14.8

11.2

10.9

76.7

74.3

Nevada

1.73

2.86

2.2

1.7

12.7

11.7

10.9

9.2

76.5

79.1

New Hampshire

1.98

3.50

1.7

4.6

12.1

11.9

11.7

11.4

76.2

76.8

New Jersey

1.62

2.87

2.5

1.8

13.4

12.0

13.1

12.4

73.5

75.6

New Mexico

1.61

2.84

1.2

1.0

12.7

11.1

10.7

8.7

76.6

80.2

New York

2.11

3.48

2.3

4.0

10.9

11.2

10.5

8.4

78.6

80.3

North Carolina

1.54

2.83

2.4

1.3

9.9

11.6

11.4

8.2

78.8

80.2

North Dakota

4.33

5.60

10.2

8.3

15.5

8.7

9.5

5.3

75.1

86.0

Ohio

2.02

3.13

4.0

2.9

11.3

10.3

10.5

9.1

78.1

80.7

Oklahoma

1.64

2.85

1.7

1.2

11.3

12.8

10.0

8.1

78.7

79.0

Oregon

1.70

2.76

3.4

3.0

12.3

11.8

10.1

11.3

77.6

76.9

Pennsylvania

2.13

3.27

3.4

3.3

11.8

9.8

11.3

9.3

76.9

80.8

Rhode Island

1.51

2.88

2.2

2.5

13.9

12.2

12.5

14.0

73.6

73.8

South Carolina

1.73

2.85

1.0

0.7

10.6

10.4

11.2

8.5

78.2

81.1

South Dakota

3.18

4.00

5.8

5.2

13.4

12.3

12.3

9.0

74.2

78.7

Tennessee

1.47

2.81

2.9

1.7

11.0

10.1

10.8

7.4

78.1

82.5

Texas

1.67

2.87

0.9

0.7

12.4

10.6

10.2

7.5

77.4

81.9

Utah

1.57

2.84

5.1

4.0

11.0

10.3

10.5

9.1

78.5

80.6

Vermont

2.35

3.82

3.7

7.1

10.2

8.2

9.1

6.6

80.7

85.2

Virginia

1.56

2.87

3.8

2.0

10.6

8.2

11.0

7.4

78.4

84.5

Washington

1.85

2.76

6.8

5.4

13.6

10.4

10.9

8.2

75.5

81.4

West Virginia

1.75

2.93

4.1

2.3

11.2

10.1

10.6

7.3

78.2

82.7

Wisconsin

2.20

3.96

2.0

4.9

10.5

10.3

10.0

8.2

79.5

81.5

Wyoming

1.63

3.10

6.1

7.4

13.4

13.0

9.4

10.1

77.2

76.9

To address these issues while simultaneously keeping the data array of observations as intact and free of adjustments as possible, we apply a differencing technique with zero mean (demeaned) difference centering. In what follows, we describe this method in detail and demonstrate the veracity of this approach. While we cannot completely rid our data of spurious local and global variability due to various measurement factors, this method is appealing both for its simplicity and for its clear empirical findings. Subsequent improvement is certainly possible by, for example, combining and aligning with independent data sets on cloud formation and behavioral dynamics with the possibility of near real-time monitoring of object conditions.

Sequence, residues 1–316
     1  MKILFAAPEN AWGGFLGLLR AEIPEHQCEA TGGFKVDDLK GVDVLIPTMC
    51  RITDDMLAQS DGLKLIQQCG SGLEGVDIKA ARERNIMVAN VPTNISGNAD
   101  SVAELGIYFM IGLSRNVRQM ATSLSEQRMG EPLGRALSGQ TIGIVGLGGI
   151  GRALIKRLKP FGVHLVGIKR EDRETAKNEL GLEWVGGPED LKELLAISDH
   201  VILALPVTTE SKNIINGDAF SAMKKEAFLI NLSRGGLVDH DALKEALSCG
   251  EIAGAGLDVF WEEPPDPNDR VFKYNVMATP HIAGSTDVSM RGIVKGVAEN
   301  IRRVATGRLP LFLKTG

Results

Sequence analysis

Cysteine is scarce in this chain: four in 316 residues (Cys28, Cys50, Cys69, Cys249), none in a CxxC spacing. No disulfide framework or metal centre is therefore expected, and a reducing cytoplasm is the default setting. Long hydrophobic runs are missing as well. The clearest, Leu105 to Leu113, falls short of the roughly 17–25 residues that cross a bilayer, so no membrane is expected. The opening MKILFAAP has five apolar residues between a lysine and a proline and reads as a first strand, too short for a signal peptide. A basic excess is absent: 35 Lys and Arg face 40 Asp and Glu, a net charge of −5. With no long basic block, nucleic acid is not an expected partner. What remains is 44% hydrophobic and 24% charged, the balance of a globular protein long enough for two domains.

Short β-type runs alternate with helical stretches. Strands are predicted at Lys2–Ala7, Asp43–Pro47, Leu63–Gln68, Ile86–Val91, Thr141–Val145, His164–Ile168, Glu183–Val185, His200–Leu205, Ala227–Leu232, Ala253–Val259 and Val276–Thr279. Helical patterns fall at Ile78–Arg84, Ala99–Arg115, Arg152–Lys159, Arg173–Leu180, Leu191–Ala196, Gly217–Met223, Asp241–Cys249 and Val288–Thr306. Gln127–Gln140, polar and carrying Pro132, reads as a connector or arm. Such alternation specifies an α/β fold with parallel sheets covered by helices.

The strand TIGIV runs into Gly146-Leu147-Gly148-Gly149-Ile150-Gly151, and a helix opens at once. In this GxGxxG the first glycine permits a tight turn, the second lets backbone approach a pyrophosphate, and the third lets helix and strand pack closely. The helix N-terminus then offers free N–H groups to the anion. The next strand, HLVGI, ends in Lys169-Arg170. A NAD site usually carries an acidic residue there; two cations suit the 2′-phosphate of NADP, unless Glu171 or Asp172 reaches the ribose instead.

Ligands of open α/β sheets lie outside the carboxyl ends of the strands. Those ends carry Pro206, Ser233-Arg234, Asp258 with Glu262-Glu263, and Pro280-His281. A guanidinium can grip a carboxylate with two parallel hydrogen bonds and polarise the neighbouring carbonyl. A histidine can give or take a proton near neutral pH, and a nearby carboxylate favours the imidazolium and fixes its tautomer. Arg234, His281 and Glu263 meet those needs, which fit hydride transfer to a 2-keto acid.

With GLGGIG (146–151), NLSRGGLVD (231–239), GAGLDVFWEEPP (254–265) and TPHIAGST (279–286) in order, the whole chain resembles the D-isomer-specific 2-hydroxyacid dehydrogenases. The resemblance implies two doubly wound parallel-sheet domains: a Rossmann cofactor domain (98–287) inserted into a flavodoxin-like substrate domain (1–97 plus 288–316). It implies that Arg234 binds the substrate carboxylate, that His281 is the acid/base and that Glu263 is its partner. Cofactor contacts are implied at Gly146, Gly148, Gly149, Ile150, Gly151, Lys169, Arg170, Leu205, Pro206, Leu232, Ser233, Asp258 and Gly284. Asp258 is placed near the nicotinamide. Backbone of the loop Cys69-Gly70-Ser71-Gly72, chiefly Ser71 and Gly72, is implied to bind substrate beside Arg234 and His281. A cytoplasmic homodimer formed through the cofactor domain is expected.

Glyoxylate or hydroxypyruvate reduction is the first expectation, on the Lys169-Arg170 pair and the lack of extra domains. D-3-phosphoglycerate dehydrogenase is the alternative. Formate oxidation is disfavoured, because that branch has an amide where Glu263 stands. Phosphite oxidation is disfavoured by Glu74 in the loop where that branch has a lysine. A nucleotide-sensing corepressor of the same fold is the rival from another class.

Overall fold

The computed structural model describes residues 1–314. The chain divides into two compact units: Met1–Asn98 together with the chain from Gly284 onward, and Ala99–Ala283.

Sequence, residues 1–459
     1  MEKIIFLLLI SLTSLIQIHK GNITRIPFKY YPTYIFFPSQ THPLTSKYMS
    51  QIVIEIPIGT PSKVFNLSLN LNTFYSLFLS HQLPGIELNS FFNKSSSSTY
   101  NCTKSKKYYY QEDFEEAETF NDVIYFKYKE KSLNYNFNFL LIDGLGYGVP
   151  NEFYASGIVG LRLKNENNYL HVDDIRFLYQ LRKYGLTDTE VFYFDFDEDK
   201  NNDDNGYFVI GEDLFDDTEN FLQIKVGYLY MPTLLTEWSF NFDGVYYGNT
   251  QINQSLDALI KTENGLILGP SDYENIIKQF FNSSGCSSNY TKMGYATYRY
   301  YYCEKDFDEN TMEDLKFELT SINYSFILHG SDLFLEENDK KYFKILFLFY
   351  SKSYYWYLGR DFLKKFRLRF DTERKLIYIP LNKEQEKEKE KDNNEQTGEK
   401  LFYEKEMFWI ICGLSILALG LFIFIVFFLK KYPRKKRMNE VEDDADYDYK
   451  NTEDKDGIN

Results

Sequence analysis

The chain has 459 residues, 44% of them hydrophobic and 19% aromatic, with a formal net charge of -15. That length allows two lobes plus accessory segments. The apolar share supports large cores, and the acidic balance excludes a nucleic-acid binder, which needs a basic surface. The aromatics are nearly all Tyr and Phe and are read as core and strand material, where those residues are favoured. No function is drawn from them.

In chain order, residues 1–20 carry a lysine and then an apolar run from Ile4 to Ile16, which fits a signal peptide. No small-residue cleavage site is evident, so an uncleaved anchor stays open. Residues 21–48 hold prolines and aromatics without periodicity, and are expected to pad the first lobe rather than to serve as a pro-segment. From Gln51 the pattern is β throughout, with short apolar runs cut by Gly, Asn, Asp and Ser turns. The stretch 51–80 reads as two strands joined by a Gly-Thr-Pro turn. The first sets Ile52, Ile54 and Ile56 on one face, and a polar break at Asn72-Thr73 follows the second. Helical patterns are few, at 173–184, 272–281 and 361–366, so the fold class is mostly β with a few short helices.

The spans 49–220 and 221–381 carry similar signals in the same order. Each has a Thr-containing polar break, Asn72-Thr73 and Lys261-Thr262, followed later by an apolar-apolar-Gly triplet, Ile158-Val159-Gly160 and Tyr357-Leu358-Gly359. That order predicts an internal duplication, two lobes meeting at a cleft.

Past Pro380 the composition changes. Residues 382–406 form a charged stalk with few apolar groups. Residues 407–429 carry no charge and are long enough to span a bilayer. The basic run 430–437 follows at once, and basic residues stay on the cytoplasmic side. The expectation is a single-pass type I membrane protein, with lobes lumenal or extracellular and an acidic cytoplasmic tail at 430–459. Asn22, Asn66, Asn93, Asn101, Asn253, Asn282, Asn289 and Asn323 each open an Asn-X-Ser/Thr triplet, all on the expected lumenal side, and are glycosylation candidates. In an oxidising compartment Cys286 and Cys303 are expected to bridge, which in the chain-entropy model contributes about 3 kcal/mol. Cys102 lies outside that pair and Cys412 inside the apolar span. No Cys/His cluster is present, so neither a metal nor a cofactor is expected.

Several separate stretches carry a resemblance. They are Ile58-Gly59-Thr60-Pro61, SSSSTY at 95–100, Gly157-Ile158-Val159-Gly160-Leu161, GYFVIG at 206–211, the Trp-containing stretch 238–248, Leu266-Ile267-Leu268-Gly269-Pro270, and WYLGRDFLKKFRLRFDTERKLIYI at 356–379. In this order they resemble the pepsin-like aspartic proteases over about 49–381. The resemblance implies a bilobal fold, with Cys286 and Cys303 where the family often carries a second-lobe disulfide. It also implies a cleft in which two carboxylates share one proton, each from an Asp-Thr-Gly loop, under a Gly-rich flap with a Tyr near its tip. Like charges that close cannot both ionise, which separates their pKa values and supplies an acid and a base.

For our study, intensities for nighttime lights are represented by the time-indexed array \(X_{t}(i,j)\), where \(t=1992,\ldots,2013\) and each element contains the intensity of light detected for a pixel with a given longitude \(\operatorname{lon}(i)\) and latitude \(\operatorname{lat}(j)\). We perform the following differencing for all pixels to obtain:
$$\Delta X_{t}(i,j) = X_{t}(i,j) - X_{t-1}(i,j), \quad \forall t \in(1993,2013). $$
At each time step, we then center the differences in pixel light intensity by subtracting the globally (or country, or state-specific) averaged value of differences between years,
$$\begin{aligned}& \Delta X_{t}^{\prime}(i,j)*\mathbf{1}\bigl(\Delta X_{t}(i,j)\neq0\bigr) \\& \quad =\Delta X_{t}(i,j)*\mathbf{1}\bigl(\Delta X_{t}(i,j) \neq0\bigr) -\frac{\int _{\underline{\mathrm{lon}}}^{\overline{\mathrm{lon}}} \int_{\underline{\mathrm{lat}}}^{\overline {\mathrm{lat}}}\Delta X_{t}(u,v)\, du\, dv}{\int_{\underline{\mathrm{lon}}}^{\overline{\mathrm{lon}}} \int_{\underline{\mathrm{lat}}}^{\overline{\mathrm{lat}}}\mathbf{1}(\Delta X_{t}(u,v) \neq0)\,du\,dv}, \end{aligned}$$
where \(\mathbf{1}(\Delta X_{t}(i,j) \neq0)\) is an indicator function that is zero for all pixels with no change in intensity and one for all pixels that display a change in intensity.

Thus, we filter away both pixels that do not have any signal and pixels that do not show any difference when demeaned between annual time steps. What is more, this also helps us to avoid a known issue with saturation of light intensity due to detector sensitivity. Static, saturated areas (e.g., urban centers) are automatically filtered with a resultant time series providing a dynamic characterization of detected changes. Obviously, it is plausible that meaningful changes in economic activity in these saturated areas are not detected due to filtering and, therefore, remain hidden. Nevertheless, and perhaps surprisingly, we still observe detectable changes in highly urban and well-developed areas with highly variable light spillage contributing to the detection of economic activity patterns that could be further correlated with other known and observed data on social and economic events. For instance, as small capillaries wend fluctuations toward and away form great estuaries in our data, streams of traffic of higher of lower intensity can be, perhaps, detected spilling in and out of urban central districts on their evening commutes, carrying out freight delivery, or migrating.

Finally, we process our demeaned time series using a simple standard three-state Markov-chain growth model. We use a finite set \(S=\{-,0,+\} \) of three possible states: a negative change that is larger than the cross-sectional \(\sigma_{t}\) for year t, a positive change that is larger than the cross-sectional \(\sigma_{t}\), and a neutral (no change) state that is within \(\sigma_{t}\).